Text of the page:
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La fundación de colangiocarcinoma (CCF) ahora ofrece servicios de traducción en Español.
Por favor publique sus preguntas en Español y un intérprete le va responder.
Posts found: 5
In reply to question from Marion about insurance, we had three appeals and three denials. Fortunately I work for a hospital that helped us immensely. As far as radiation therapy went, the hospital picked up the tab under their balloon insurance policy, as we had already started radiation when we were denied (they had approved it initially). The chemo we had to pay for but we got the drugs at the hospital cost. Again, we were denied after we had started treatment so I believe this was instrumental in the help we received from the hospital.
Also, hopefully all of his cancer was removed, as this is the only way to stop this type of cancer, and since we are on top of things, I think we can be prepared for what may come down the road and are living for the moment right now and enjoying our wonderful luck, which is actually what it comes down to - very lucky to have found this in it's very earliest stage.
Two years since diagnosis and resection of liver for cholangiocarcinoma and Bob has now had his third MRI which is clean, clean, clean. No evidence of tumor. Thank God for the wonder surgeon at Dartmouth and for my husband's strength and positive thinking. Stay active, I believe this is key in dealing with surgery, chemo, etc., even when you think you can't, but most of all stay POSITIVE!!!!!!
We had three appeals, all denied, even though the Ombudsman thought that with positive margins in Bob's case he should have adjuvant chemotherapy. The insurance company decided to interpret it differently. Three oncologists recommended chemo, and everytime a insurance case worker would call they were just plain nasty. We were approved in the beginning, then they said they made a mistake, which took Bob out of the running for some clinical trials because he had already started the xeloda and radiation. Enough said the most important thing is that my husband is alive and well. My plea is for everyone to stay positive. For a cancer that we were told was very, very rare, it apparently isn't so, but THERE IS HOPE. One thing is for sure, we certainly look at life differently now.
A little over a year ago Bob had liver resection (unfortunately with microscopic cancer cells at one margin), then underwent Xeloda and radiation therapy, rested for a month and then on to six cycles of gem/cisplatin. He has just had his third MRI, no sign of cancer. There is hope. We are so happy. He looks great and feels even better. Again, there is hope. Unfortunately insurance denied all of our treatments. Bastards.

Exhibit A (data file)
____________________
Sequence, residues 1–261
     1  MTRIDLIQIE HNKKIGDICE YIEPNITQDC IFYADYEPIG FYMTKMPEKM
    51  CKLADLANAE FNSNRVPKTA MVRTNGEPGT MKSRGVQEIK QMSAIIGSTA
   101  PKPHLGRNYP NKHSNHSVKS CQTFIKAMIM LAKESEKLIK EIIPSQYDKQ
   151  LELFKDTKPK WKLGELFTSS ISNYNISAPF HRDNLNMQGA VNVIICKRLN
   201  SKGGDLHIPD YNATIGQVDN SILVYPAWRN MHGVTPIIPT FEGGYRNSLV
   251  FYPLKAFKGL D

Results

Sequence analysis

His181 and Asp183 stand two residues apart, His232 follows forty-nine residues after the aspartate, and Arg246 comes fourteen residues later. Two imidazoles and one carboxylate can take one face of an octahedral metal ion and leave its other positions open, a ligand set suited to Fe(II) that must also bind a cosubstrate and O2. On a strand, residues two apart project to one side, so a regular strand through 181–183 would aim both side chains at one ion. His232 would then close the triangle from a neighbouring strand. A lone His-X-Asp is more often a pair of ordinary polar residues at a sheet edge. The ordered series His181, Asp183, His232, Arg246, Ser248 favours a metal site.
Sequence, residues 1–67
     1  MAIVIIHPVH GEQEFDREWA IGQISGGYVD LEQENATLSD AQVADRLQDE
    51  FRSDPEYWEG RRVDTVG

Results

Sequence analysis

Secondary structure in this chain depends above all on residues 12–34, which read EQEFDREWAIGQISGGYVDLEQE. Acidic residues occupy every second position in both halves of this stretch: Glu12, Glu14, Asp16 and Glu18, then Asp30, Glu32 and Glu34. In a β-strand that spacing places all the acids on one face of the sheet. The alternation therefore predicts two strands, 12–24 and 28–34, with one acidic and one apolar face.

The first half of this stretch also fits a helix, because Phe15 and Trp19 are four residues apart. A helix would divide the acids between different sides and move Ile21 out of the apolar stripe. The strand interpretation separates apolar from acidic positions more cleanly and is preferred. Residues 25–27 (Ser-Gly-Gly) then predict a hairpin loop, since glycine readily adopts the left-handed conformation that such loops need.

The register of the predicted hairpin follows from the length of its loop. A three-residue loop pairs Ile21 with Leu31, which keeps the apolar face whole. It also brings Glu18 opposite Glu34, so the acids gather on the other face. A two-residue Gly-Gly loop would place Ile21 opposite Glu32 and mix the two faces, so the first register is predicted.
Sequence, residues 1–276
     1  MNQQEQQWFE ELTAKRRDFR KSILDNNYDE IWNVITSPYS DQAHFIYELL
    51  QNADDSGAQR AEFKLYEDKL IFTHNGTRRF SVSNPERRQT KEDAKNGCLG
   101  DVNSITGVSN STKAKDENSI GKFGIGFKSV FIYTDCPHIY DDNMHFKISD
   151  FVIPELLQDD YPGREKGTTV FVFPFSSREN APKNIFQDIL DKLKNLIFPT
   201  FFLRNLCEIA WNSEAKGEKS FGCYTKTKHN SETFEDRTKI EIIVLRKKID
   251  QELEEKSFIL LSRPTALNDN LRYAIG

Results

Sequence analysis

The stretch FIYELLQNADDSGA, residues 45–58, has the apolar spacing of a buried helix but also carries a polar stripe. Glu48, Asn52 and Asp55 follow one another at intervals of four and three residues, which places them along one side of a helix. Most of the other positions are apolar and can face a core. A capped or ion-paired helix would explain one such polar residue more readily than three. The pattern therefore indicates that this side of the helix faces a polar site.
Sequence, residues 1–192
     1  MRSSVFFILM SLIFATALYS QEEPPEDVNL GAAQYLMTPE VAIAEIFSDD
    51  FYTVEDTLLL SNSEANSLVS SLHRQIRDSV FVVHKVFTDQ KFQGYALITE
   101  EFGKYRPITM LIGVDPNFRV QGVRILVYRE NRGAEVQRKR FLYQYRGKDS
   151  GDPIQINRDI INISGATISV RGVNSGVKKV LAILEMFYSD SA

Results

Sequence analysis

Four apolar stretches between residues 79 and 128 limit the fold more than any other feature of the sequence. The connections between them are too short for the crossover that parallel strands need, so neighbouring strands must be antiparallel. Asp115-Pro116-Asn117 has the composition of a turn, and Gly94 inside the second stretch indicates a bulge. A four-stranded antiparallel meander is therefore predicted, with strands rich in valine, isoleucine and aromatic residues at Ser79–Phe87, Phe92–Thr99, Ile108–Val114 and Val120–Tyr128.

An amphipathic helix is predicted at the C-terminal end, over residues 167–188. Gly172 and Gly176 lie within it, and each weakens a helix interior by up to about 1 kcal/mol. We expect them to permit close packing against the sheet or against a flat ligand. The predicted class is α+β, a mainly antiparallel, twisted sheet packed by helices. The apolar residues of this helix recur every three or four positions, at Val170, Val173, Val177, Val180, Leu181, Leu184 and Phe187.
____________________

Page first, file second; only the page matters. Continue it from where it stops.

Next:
It has been exactly a year since my husband had liver resection (2/3 of his liver for cholangio). His cancer was picked up by a very, very bright doctor who had noticed his alk phos was quickly rising. He is now almost four months out from chemo and is doing fantastic. He looks great, feels great (except for lingering smells from the chemo and some discomfort in his abdomen probably due to either the radiation or adhesions from the surgery. On frozen section he was clean and doctor informed us he was best case scenario as he presented without any symptoms, but on final path analysis he had microscopic cells on one of the margins, hence the radiation/chemo, then rest and then infusional chemo. Again he is doing fantastic. Considering how blessed we are that this silent cancer was caught early, attitude and healthy living all come into play. When he felt too tired to talk or do anything during the chemo a walk around the house, just getting outside made him feel human again. There is hope. I have researched many sites where I just broke down and cried thinking this was the end, that we would never make it this far. Here he is healthy and happy, we will stay on top of this and hope and pray for advances in the cure and palliation of this horrible monster.
Posts found: 5